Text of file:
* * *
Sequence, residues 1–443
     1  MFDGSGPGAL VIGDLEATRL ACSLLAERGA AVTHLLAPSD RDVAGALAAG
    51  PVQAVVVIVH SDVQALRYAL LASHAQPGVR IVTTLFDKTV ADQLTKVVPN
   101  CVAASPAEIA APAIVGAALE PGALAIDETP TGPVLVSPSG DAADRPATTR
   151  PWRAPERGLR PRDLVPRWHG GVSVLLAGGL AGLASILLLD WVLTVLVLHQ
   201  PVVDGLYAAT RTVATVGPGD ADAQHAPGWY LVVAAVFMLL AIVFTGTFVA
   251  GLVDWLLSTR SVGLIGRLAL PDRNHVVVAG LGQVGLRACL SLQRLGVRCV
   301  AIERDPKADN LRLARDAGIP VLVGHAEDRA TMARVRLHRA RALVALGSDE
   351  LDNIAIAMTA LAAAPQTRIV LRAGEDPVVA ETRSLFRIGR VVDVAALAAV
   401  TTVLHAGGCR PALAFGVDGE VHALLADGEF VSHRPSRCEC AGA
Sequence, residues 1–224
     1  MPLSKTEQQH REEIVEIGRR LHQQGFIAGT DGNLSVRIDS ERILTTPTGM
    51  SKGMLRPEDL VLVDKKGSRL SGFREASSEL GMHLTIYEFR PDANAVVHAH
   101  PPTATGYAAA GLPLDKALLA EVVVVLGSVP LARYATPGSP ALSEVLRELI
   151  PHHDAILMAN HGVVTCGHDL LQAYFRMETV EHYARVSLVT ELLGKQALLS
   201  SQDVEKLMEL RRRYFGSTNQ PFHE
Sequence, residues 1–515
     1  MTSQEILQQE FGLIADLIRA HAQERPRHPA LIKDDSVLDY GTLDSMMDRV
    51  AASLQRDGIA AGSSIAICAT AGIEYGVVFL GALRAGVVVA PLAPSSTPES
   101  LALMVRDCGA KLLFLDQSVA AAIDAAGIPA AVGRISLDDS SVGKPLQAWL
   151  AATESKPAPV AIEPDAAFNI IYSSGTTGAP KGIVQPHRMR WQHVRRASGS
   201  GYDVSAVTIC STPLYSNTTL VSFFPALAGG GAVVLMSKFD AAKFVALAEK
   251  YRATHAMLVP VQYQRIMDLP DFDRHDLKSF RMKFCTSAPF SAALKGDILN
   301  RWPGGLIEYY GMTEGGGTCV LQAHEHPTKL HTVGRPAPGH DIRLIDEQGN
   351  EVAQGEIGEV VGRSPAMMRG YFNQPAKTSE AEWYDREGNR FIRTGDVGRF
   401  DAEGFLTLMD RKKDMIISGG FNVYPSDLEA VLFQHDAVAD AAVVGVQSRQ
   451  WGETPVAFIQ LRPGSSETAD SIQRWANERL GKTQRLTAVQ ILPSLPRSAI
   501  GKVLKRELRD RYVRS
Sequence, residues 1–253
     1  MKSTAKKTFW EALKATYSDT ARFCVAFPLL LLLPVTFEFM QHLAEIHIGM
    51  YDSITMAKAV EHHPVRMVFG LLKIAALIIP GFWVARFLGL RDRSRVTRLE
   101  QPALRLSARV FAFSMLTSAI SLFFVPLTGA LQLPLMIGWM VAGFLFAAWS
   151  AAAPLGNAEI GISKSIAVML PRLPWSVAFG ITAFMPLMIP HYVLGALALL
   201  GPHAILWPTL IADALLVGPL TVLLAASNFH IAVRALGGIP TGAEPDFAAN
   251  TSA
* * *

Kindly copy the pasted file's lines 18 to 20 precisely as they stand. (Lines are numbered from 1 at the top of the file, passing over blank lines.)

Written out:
     1  MTSQEILQQE FGLIADLIRA HAQERPRHPA LIKDDSVLDY GTLDSMMDRV
    51  AASLQRDGIA AGSSIAICAT AGIEYGVVFL GALRAGVVVA PLAPSSTPES
   101  LALMVRDCGA KLLFLDQSVA AAIDAAGIPA AVGRISLDDS SVGKPLQAWL